Friday, May 9, 2008

It's the Liberty, Stupid!

As is the norm amongst the neo-con right, David Brooks' newest column puts politics above principle:

The British conservative renovation begins with this insight: The central political debate of the 20th century was over the role of government. The right stood for individual freedom while the left stood for extending the role of the state. But the central debate of the 21st century is over quality of life. In this new debate, it is necessary but insufficient to talk about individual freedom. Political leaders have to also talk about, as one Tory politician put it, “the whole way we live our lives.”

That means, first, moving beyond the Thatcherite tendency to put economics first. As Oliver Letwin, one of the leading Tory strategists put it: “Politics, once econo-centric, must now become socio-centric.” David Cameron, the Conservative Party leader, makes it clear that his primary focus is sociological. Last year he declared: “The great challenge of the 1970s and 1980s was economic revival. The great challenge in this decade and the next is social revival.” In another speech, he argued: “We used to stand for the individual. We still do. But individual freedoms count for little if society is disintegrating. Now we stand for the family, for the neighborhood — in a word, for society.”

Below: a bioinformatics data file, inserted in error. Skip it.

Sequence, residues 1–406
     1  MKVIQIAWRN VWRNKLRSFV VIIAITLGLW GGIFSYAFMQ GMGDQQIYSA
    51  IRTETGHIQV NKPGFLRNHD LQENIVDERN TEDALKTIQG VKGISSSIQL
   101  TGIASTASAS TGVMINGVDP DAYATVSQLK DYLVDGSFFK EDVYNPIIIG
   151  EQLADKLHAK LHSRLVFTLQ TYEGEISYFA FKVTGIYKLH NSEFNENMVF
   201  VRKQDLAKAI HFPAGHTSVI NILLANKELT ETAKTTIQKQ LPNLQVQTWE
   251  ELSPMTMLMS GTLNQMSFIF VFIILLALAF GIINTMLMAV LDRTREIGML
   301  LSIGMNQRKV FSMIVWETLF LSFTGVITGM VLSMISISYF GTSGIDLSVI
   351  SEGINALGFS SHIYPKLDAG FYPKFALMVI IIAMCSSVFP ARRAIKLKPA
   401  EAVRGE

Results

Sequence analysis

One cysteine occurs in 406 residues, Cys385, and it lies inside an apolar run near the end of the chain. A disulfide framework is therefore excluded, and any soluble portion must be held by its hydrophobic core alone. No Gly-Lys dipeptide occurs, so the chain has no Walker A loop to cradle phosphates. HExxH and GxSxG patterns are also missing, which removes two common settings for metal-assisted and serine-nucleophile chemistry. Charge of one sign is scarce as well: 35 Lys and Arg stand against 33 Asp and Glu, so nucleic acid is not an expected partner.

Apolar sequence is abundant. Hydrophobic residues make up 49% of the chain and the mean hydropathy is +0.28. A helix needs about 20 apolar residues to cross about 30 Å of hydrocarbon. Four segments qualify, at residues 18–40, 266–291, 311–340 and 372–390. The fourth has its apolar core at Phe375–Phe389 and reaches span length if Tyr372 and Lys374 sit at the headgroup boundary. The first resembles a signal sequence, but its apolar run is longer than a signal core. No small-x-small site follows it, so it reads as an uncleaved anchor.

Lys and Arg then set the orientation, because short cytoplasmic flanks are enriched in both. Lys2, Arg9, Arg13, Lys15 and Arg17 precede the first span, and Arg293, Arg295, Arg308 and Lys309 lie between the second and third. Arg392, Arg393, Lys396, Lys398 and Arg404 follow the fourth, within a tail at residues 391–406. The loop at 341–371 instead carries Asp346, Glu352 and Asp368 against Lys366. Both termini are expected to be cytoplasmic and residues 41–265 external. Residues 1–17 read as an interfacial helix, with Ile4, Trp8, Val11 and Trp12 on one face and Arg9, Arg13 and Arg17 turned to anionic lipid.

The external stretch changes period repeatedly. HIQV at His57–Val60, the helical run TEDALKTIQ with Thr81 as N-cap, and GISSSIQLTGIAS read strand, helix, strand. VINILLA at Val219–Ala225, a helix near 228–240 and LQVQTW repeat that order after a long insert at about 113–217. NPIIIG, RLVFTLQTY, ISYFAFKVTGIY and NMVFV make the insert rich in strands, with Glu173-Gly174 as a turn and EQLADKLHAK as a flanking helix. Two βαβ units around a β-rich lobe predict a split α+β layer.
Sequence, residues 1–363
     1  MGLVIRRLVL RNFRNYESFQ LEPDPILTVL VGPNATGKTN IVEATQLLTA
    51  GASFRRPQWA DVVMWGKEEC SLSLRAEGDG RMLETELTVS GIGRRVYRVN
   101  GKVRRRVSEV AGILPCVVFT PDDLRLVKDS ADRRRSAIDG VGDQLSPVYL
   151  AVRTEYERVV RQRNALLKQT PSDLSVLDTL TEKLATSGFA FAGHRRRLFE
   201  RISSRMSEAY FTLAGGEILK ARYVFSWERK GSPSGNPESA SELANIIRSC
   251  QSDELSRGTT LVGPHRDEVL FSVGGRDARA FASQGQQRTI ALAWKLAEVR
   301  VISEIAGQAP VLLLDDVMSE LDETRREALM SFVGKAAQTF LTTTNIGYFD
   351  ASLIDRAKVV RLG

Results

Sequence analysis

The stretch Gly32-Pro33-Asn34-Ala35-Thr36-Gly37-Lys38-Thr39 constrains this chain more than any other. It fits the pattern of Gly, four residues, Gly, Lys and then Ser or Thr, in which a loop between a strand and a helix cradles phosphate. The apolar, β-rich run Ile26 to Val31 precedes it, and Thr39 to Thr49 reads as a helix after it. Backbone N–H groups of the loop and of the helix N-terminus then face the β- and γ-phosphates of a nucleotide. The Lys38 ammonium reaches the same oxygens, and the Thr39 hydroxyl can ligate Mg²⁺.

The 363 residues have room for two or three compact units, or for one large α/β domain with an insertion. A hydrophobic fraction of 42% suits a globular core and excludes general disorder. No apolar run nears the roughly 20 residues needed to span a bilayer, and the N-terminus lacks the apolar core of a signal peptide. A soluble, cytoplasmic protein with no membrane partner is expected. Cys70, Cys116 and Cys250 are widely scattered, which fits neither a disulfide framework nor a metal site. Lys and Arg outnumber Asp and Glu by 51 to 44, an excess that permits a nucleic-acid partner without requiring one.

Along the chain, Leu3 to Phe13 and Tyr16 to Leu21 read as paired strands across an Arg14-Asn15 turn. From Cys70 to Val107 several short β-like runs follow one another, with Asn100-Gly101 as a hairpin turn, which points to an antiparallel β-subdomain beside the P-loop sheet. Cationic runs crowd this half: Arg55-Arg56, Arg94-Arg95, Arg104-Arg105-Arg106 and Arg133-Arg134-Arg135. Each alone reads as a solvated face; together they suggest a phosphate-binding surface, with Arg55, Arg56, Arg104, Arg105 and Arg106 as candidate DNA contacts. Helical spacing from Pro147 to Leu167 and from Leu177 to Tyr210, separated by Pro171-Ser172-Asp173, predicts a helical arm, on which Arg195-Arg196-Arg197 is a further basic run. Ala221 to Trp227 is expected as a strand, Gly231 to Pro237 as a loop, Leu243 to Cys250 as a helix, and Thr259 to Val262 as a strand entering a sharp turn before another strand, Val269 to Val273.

As such, the Conservative Party has spent a lot of time thinking about how government should connect with citizens. Basically, everything should be smaller, decentralized and interactive.

While--unlike many of my libertarian colleagues and friends--I do actually have reservations relying solely on economics to guide our lives, I find that a dedication to the free market principles of Hayekian economics is the best thing politicians can do for the economy. (i.e., stay out of it!) Government "connect[ing] with citizens" is antithetical to that end and what Brooks proposes is to revert to failed policies in order to win over the electorate. I think we tried that already -- it was called "compassionate conservatism"-- and it's made an unholy mess of the country while undercutting the economic principles of the Republican party.